Saturday, 9 February 2013

If you come to ours for a barbeque…

… it’s highly likely that you’ll be on the receiving end of a butterflied leg of lamb.  This dish has so many reasons for recommending – it’s easy, healthy, tasty and any leftovers are great.  An added bonus for me is that the MOTH does all the cooking – and he is the master of the perfectly cooked butterflied leg of lamb.

These days, you can often buy a pre-butterflied leg of lamb at the supermarket (or ask your friendly neighbourhood butcher to take to a lamb leg for you).  However, boning out a leg of lamb is actually really easy if you have a good sharp knife – so get your butcher (or anyone who confesses to knowing how to do this) to show you how. 

Butterflied lamb barbeque
Serves 4 or more – depending on the size of the leg and whether it is part of a broader selection of BBQ dishes

1.3kg leg of lamb (bone in) – served four plus leftovers for tomorrow’s lunch
Bone out the leg.  Slice into the largest part of the leg so that it opens out to a fairly uniform thickness.  Or put your pre-butterflied leg into a non-reactive dish for marinating.

Basic marinade for lamb
2-5 cloves garlic
Olive oil
1 lemon
Handful of fresh thyme (or rosemary)
Salt and pepper

Finely chop the garlic or pound in a mortar and pestle with some sea salt.  Squeeze the lemon (you can also add finely grated lemon rind for extra lemony flavour – but make sure you only use the really yellow outer rind and not the bitter white pith). 

At this point, I sprinkle over a few good pinches of sea salt, a good grind of black pepper, the thyme (sprigs removed if I can be bothered, but they burn/fall off when barbequed, so no need to fuss), a few glugs of olive oil and then rub in the garlic and lemon juice.  It’s all a bit messy, but it means that the flavours of the marinade ingredients get up close and personal with the lamb, which is the whole point of the marinade.  At this point, you can leave the lamb in the fridge for up to 24 hours, turning occasionally, if you remember.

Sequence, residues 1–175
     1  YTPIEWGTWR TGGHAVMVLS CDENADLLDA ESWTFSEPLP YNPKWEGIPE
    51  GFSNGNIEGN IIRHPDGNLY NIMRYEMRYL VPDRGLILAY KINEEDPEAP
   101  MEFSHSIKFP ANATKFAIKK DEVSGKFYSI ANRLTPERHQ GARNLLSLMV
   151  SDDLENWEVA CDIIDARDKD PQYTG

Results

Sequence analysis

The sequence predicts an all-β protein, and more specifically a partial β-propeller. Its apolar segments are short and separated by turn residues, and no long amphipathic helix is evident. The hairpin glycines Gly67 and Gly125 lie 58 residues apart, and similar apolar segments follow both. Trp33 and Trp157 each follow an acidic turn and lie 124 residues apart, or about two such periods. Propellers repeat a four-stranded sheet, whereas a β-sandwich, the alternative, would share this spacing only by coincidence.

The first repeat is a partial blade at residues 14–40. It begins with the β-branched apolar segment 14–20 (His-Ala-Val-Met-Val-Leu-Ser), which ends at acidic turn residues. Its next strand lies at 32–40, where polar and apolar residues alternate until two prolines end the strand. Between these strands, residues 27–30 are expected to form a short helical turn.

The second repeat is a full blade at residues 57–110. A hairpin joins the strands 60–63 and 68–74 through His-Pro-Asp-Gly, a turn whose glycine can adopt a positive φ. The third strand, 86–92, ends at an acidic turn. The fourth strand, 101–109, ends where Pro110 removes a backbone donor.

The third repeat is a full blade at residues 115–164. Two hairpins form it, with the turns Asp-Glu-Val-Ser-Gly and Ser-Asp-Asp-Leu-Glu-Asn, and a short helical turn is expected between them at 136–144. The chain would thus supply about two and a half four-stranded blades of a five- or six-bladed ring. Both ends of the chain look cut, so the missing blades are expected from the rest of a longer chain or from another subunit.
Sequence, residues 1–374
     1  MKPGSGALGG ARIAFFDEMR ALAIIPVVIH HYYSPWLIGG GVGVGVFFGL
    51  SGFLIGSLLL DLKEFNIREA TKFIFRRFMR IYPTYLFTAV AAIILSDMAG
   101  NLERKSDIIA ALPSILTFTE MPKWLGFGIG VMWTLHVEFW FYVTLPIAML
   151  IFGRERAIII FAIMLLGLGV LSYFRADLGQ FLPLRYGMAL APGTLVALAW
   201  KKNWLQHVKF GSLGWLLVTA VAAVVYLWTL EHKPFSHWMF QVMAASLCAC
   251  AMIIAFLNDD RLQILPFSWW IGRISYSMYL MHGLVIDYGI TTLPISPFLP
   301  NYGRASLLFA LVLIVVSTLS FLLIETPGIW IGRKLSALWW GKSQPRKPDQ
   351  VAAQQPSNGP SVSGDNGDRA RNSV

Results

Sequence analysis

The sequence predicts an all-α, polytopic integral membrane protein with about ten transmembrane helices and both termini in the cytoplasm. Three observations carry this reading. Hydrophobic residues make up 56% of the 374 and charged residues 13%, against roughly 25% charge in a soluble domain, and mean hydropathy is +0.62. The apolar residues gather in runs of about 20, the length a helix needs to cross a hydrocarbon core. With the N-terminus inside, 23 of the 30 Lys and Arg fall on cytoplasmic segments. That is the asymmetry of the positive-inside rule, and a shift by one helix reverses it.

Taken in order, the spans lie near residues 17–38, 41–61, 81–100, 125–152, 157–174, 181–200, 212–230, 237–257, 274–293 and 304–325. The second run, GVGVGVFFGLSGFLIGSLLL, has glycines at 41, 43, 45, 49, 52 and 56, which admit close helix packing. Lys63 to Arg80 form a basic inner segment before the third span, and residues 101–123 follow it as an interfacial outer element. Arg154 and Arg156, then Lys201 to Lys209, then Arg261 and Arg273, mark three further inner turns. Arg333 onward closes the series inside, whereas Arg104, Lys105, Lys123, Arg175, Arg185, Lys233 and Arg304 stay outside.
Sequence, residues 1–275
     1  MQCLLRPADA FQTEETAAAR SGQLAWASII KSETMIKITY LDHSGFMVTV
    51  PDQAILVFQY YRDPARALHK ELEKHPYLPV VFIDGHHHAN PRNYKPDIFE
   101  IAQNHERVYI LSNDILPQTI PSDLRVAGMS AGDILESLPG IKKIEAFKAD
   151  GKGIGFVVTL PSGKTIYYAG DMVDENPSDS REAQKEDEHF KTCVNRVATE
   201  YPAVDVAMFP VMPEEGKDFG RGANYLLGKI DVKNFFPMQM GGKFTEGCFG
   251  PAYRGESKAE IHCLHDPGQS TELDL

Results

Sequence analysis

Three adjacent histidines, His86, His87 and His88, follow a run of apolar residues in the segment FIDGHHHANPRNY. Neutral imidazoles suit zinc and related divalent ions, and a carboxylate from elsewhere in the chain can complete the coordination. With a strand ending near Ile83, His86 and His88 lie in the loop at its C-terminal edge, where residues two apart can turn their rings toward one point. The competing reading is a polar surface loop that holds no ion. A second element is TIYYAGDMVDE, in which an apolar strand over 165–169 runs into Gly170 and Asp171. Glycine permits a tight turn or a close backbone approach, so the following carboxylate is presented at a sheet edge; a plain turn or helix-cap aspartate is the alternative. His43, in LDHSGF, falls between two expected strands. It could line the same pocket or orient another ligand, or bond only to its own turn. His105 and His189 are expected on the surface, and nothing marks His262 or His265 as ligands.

You can easily adjust your marinade to provide any number of different flavours – add crushed anchovies for a real depth of flavour (believe me, no-one will pick that the flavour is anchovies), smoked paprika for a more Spanish flavour, Moroccan spices, chilli… my only rule is to steer away from sugary ingredients (sweet chilli, honey, maple syrup, etc), as they will tend to burn before the lamb is cooked.

At least 30 minutes (preferably 1 hour) before cooking, get the lamb out of the fridge and allow to come up to room temperature – cooking from cold is too much of a shock for the lamb and will give you a tougher end result.  Heat the barbeque.

As an aside, we have a very basic gas BBQ – no fancy lid and 12 dials on the front.  Every BBQ is different and every day is different (in Wellington, the breeze varies from gale to hurricane, so cooking time always has to be adjusted).  So I can’t give you a definitive answer to how long to cook your lamb.  Put the lamb on the BBQ skin side down.  For the smallish leg that I’ve shown you here, about 12 minutes/side, with a roasting dish placed over the lamb for the second side did the trick (on a relatively calm day).  Generally speaking, you wouldn’t need longer than 15 minutes/side unless the weather is really against you.  With a lid and a good day, you may only need 10 minutes/side.  Remember to only ever turn your lamb once.

The MOTH keeps a close eye on things and will use his technical finger prod technique to judge when it is done to perfection – he is committed to delivering perfect lamb and has been honing these skills over the years.  He can now size up the depth of the lamb, the weather and the BBQ and deliver perfect results pretty much every time.
Don’t forget to rest the lamb.  This is utterly essential – take it off the BBQ, place it on a dish, loosely cover with foil (letting any steam escape) and pop a folded tea towel on top.  At least 15 minutes of resting and the lamb will relax, the cooking will be complete, and you’ll have tender pink lamb ready to slice for everyone.
Redcurrant jelly is our family’s traditional accompaniment.
We ate outside and the Crepescule rose looked lovely under the sun umbrella.


No comments: